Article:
Replicated divergence in cichlid radiations mirrors a major vertebrate innovation

Matthew D. McGee, Brant C. Faircloth, Samuel R. Borstein, Jimmy Zheng, C. Darrin Hulsey, Peter C. Wainwright, Michael E. Alfaro

Research output: Contribution to journalArticleResearchpeer-review

36 Citations (Scopus)

Abstract

Decoupling of the upper jawbones—jawkinesis—is a distinctive feature of the ray-finned fishes, but it is not clear how the innovation is related to the extraordinary diversity of feeding behaviours and feeding ecology in this group. We address this issue in a lineage of ray-finned fishes that is well known for its ecological and functional diversity—African rift lake cichlids. We sequenced ultraconserved elements to generate a phylogenomic tree of the Lake Tanganyika and Lake Malawi cichlid radiations. We filmed a diverse array of over 50 cichlid species capturing live prey and quantified the extent of jaw kinesis in the premaxillary and maxillary bones. Our combination of phylogenomic and kinematic data reveals a strong association between biting modes of feeding and reduced jaw kinesis, suggesting that the contrasting demands of biting and suction feeding have strongly influenced cranial evolution in both cichlid radiations.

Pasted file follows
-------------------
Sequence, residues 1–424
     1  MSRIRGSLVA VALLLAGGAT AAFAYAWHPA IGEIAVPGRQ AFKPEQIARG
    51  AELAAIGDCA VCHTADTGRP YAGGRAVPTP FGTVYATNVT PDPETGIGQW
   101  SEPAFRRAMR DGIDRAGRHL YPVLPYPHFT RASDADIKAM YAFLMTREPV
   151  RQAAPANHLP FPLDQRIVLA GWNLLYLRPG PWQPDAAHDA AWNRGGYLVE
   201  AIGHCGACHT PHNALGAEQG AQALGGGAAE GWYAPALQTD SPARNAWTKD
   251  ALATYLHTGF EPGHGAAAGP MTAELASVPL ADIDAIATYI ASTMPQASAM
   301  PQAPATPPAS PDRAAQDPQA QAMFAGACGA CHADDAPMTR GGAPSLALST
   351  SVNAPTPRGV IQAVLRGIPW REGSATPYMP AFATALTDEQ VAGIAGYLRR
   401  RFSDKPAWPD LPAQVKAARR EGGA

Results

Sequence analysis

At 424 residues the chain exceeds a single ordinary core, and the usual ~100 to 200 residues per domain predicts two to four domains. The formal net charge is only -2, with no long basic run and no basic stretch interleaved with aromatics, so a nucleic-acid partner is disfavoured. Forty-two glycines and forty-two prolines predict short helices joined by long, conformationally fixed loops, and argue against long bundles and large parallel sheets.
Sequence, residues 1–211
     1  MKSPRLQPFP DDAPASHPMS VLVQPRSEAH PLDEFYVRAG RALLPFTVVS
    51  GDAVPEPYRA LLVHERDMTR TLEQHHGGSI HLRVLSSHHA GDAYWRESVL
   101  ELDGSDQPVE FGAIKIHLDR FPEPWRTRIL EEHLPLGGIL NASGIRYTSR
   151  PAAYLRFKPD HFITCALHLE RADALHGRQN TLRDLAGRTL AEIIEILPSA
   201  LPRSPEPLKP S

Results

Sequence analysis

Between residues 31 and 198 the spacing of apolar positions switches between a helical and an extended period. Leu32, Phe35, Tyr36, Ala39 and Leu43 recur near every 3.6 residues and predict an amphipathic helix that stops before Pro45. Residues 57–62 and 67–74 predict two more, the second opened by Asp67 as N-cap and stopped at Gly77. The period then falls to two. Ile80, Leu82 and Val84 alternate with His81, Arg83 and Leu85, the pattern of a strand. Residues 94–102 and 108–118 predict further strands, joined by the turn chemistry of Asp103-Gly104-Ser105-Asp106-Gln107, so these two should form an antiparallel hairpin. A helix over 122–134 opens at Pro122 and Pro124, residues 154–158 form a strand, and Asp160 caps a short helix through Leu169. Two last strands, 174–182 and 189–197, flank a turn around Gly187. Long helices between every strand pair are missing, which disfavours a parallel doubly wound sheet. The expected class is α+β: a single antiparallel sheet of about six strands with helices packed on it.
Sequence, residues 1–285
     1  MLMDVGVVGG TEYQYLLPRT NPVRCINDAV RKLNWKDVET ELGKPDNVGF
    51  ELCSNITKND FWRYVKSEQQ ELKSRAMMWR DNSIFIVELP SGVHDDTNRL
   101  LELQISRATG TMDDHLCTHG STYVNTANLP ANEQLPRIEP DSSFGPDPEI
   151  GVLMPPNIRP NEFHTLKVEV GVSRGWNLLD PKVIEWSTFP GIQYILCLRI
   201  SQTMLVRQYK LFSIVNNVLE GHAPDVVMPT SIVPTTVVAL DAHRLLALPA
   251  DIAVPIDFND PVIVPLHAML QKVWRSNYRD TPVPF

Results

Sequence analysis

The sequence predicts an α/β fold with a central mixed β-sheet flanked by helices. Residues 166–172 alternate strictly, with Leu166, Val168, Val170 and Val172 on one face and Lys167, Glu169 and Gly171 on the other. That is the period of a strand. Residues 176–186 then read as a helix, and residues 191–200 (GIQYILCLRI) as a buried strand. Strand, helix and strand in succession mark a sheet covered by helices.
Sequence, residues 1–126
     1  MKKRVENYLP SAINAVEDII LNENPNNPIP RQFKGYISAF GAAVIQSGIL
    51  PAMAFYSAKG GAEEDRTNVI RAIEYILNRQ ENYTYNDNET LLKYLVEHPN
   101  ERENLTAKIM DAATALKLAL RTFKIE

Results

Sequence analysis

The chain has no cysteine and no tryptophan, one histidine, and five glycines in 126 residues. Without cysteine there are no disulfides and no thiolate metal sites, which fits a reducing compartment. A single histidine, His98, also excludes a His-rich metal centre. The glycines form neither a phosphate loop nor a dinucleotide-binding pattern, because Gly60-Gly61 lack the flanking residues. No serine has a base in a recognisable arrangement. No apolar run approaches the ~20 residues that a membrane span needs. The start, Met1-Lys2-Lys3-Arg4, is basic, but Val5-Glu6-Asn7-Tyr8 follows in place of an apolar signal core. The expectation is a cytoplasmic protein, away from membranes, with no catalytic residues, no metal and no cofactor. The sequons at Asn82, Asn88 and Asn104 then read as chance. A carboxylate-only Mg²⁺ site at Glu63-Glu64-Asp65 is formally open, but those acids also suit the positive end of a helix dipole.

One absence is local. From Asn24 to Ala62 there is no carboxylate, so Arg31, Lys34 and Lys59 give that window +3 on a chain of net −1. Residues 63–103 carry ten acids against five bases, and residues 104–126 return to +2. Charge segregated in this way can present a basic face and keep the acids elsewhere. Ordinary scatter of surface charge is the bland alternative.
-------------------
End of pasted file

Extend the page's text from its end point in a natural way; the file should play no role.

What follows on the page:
Original languageEnglish
Article number20151413
Number of pages6
JournalProceedings of the Royal Society B: Biological Sciences
Volume283
Issue number1822
DOIs
Publication statusPublished - 13 Jan 2016
Externally publishedYes

Keywords

  • Evolutionary innovation
  • Kinematics
  • Ultraconserved elements

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